Former Indigenous relations minister Scott Fraser was well-known and widely regarded as the NDP’s Opposition critic before he became the minister.

Horgan will also have to consider regional issues, competency, gender, diversity and past history when making his cabinet choices, Tieleman said.

Darcy said her former post at mental health and addictions requires a certain kind of person.

“You need somebody with very deep compassion,” she said. “You need somebody who is very determined. You need somebody who is willing to push the envelope. It’s a tough file.”

Dirk Meissner, The Canadian Press


Like us on Facebook and follow us on Twitter.

Want to support local journalism during the pandemic? Make a donation here.

BC NDPBC politicsJohn Horgan

Get local stories you won't find anywhere else right to your inbox.
Sign up here

Just Posted

An aerial shot of Cedar Valley Lodge this past August, LNG Canada’s newest accommodation for workers. This is where several employees are isolating after a COVID-19 outbreak was declared on Nov. 19. (Photo courtesy of LNG Canada)
52 positive COVID-19 cases now associated with LNG Canada site outbreak

Eight cases still active, 44 considered recovered

Terrace RCMP are searching for Kenton David Fast, who is unlawfully at large. (Terrace RCMP Photo)
Terrace RCMP searching for man unlawfully at large

Kenton David Fast was last seen in Terrace on Dec. 1, 2020

Traffic controllers Hayley Stevens (left) and Hector Blackwater (right) have been recognized by drivers for their friendly waves, smiles and dance moves while working south of Terrace. (Ben Bogstie/Terrace Standard)
Skeena Voices | Positivity is just part of being a flagger

Hector Blackwater and Hayley Stevens have been drawing attention on social media

Skeena MLA Ellis Ross has been named critic for Environment and Climate Change Strategy for the BC Liberals. (Peter Versteege photo)
Skeena MLA Ellis Ross named critic for Environment and Climate Change Strategy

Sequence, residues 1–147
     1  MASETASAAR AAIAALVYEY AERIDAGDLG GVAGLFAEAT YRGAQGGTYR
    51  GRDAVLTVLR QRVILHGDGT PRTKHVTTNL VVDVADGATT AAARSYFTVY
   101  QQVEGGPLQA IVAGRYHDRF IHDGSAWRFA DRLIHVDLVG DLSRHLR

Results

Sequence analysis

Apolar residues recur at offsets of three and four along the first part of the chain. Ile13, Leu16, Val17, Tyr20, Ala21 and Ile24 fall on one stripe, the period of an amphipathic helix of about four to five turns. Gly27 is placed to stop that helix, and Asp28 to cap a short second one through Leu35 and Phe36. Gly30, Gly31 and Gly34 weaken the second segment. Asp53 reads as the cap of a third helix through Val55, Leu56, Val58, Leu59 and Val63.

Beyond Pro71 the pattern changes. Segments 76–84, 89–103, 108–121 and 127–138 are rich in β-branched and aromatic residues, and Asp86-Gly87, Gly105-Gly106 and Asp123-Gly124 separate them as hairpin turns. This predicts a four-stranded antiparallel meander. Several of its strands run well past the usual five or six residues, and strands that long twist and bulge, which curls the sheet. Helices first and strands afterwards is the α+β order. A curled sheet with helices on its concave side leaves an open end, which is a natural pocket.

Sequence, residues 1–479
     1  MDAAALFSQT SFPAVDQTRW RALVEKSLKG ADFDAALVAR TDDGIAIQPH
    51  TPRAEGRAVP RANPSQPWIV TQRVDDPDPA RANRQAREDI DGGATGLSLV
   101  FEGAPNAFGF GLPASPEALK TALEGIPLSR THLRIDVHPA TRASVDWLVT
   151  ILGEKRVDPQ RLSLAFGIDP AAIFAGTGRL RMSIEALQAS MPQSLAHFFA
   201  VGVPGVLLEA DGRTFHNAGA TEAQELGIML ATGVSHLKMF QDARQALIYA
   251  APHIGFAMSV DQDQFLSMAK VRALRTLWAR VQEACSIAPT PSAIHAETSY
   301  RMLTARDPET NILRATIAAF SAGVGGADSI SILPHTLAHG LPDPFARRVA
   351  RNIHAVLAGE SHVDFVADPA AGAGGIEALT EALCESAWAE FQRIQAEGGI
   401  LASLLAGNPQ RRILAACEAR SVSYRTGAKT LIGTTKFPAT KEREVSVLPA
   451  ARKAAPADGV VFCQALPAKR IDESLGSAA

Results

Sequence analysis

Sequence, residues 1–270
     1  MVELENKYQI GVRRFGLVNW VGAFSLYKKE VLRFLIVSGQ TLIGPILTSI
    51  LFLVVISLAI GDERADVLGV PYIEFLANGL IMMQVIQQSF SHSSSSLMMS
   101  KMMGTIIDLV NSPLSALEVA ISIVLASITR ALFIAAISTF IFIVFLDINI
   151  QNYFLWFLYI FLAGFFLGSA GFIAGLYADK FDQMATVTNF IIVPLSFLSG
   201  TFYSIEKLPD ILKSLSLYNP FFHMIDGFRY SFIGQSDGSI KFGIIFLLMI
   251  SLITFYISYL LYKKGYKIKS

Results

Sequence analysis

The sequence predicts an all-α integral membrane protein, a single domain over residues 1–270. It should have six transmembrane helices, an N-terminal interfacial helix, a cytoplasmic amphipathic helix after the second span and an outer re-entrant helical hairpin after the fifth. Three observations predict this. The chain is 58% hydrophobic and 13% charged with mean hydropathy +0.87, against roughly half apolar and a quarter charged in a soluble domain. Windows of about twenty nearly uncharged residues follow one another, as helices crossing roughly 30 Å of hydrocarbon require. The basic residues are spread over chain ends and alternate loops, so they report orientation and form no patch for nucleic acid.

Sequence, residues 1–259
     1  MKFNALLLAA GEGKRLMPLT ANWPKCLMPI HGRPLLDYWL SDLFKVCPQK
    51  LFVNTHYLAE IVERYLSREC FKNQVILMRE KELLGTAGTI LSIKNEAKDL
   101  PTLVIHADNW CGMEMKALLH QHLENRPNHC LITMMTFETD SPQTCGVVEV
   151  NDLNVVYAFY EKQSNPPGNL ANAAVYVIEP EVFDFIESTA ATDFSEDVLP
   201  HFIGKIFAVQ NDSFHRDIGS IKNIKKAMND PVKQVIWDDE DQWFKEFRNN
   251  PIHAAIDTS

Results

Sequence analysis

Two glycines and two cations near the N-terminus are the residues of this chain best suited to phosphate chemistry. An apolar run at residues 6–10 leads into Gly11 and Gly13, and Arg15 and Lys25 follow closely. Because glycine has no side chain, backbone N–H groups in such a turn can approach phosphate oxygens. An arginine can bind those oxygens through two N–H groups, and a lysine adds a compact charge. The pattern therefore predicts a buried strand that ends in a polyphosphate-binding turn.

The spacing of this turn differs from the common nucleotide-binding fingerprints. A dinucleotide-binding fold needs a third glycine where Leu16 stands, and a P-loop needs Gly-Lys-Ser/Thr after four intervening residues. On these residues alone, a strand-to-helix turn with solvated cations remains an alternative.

Previously, Ross was the critic for LNG, Resource Opportunities, and Responsible Development

A B.C. Ambulance Service paramedic wearing a face mask to curb the spread of COVID-19 moves a stretcher outside an ambulance at Royal Columbia Hospital, in New Westminster, B.C., on Sunday, November 29, 2020. THE CANADIAN PRESS/Darryl Dyck
B.C. records deadliest weekend of COVID-19 pandemic with 46 deaths; more than 2,300 cases

Provincial health officer Dr. Bonnie Henry provides COVID-19 update

THE CANADIAN PRESS/Nathan Denette
B.C. researchers launch study to test kids, young adults for COVID-19 antibodies

Kids and youth can often be asymptomatic carriers of the novel coronavirus

A sign is seen this past summer outside the Yunesit’in Government office west of Williams Lake reminding visitors and members to stay safe amid the COVID-19 pandemic. (Rebecca Dyok photo)
B.C. First Nation leaders await privacy commissioner decision on COVID-19 information

Release of life-saving data cannot wait, says coalition of First Nations

MLA Jennifer Whiteside is B.C.’s new minister of education. She is speaking out against Chilliwack school trustee Barry Neufeld and asking him to resign. (Black Press)
New education minister calls on Chilliwack trustee to resign

Whiteside echoes former minister’s promise to look at options to remove Barry Neufeld

Peter Beckett. ~ File photo
Supreme Court of Canada to decide if it will hear appeal in 2010 wife murder trial

Peter Beckett has stood trial twice for murder in connection with the death of his wife, Laura Letts-Beckett

Tabor Home in Abbotsford. (Ben Lypka/Abbotsford News)
B.C.’s largest COVID-19 care-home outbreak records 19 deaths, 147 cases

Tabor Home in Abbotsford has been battling outbreak since Nov. 4

Ash and Lisa Van carry a freshly cut Christmas tree while wearing personal protective masks at a Christmas Tree Farm in Egbert, Ontario, Sunday, Nov. 29, 2020 THE CANADIAN PRESS/ Cole Burston
‘Everyone wants a tree and they want it now’: Christmas tree sales on pace for record

Anticipated demand for Christmas trees has sparked a rush by some to purchase more trees wholesale

Business groups have been advocating for years that local approvals for construction in B.C. are too long and restricted, and that B.C.’s outdates sales tax deter business investment. (Black Press Media file photo)
B.C. residents worried about COVID-19 deficit, business survey finds

Respondents support faster local approvals, value added tax

Most Read